Iridium profile for 10 million years across the Cretaceous-Tertiary boundary at Gubbio (Italy)

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Science  21 Dec 1990:
Vol. 250, Issue 4988, pp. 1700-1702
DOI: 10.1126/science.11538083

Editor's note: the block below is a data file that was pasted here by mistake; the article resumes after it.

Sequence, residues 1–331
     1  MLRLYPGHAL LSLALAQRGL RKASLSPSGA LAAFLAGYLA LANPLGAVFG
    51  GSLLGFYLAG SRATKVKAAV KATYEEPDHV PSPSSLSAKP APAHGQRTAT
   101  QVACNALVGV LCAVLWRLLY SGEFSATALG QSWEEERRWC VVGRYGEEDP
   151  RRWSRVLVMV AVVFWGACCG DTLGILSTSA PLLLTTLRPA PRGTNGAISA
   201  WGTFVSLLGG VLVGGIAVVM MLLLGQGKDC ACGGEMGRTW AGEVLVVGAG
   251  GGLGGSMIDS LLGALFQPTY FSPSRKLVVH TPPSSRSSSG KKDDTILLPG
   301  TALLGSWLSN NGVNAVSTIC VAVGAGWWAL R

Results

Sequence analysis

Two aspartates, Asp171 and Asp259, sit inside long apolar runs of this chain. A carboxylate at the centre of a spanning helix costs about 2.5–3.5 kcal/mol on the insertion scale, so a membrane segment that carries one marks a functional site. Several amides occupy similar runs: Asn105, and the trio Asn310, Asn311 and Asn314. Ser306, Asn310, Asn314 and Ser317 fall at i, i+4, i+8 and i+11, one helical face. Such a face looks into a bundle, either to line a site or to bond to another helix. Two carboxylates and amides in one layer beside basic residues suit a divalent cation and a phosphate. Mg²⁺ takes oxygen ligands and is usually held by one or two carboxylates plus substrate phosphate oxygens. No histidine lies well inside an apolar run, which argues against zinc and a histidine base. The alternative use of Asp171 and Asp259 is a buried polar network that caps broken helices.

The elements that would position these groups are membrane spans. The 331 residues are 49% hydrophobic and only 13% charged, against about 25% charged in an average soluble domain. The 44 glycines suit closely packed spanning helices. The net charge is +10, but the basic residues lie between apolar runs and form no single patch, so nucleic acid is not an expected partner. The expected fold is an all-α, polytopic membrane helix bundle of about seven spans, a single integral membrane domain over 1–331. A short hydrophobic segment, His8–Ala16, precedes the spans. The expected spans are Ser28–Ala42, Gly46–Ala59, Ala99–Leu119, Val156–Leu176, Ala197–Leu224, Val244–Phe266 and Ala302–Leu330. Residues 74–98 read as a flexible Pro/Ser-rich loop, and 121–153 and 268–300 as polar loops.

The iridium anomaly at the Cretaceous-Tertiary (KT) boundary was discovered in the pelagic limestone sequence at Gubbio on the basis of 12 samples analyzed by neutron activation analysis (NAA) and was interpreted as indicating impact of a large extraterrestrial object at exactly the time of the KT mass extinction. Continuing controversy over the shape of the Ir profile at the Gubbio KT boundary and its interpretation called for a more detailed follow-up study. Analysis of a 57-meter-thick, 10-million-year-old part of the Gubbio sequence using improved NAA techniques revealed that there is only one Ir anomaly at the KT boundary, but this anomaly shows an intricate fine structure, the origin of which cannot yet be entirely explained. The KT Ir anomaly peaks in a 1-centimeter-thick clay layer, where average Ir concentration is 3000 parts per trillion (ppt); this peak is flanked by tails with Ir concentrations of 20 to 80 ppt that rise above a background of 12 to 13 ppt. The fine structure of the tails is probably due in part to lateral reworking, diffusion, burrowing, and perhaps Milankovitch cyclicity.

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